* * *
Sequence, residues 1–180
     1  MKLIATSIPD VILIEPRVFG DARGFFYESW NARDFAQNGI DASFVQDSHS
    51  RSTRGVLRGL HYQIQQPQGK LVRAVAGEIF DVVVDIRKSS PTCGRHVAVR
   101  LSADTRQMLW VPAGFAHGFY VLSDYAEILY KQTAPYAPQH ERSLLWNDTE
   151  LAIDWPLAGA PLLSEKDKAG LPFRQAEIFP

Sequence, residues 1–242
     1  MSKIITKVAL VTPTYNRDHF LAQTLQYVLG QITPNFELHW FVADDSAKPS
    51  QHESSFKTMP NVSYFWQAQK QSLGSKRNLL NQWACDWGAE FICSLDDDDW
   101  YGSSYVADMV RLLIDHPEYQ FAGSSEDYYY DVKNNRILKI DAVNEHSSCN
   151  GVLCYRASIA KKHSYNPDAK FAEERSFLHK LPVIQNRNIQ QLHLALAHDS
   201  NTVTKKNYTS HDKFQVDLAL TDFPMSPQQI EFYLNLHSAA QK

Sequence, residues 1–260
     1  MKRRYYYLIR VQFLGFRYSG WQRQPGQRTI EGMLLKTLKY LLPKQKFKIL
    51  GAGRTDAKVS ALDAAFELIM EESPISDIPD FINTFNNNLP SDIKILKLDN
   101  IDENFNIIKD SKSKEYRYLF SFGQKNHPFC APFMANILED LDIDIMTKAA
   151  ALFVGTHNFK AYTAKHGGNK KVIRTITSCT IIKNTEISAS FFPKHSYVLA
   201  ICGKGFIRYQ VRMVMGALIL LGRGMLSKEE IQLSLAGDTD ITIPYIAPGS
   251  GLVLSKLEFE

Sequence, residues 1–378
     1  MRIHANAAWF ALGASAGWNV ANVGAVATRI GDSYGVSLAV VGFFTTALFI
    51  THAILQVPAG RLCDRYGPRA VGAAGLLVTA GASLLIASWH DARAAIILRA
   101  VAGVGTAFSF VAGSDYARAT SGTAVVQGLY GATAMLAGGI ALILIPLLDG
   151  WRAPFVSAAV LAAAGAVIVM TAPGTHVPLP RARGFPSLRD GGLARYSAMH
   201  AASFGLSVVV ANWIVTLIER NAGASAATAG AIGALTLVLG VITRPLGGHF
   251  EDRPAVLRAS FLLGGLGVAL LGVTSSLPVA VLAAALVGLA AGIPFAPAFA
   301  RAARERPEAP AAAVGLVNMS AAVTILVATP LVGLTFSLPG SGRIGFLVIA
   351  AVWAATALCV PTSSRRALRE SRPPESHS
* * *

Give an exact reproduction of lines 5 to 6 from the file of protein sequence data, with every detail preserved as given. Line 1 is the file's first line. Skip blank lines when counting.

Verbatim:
   151  LAIDWPLAGA PLLSEKDKAG LPFRQAEIFP

Sequence, residues 1–242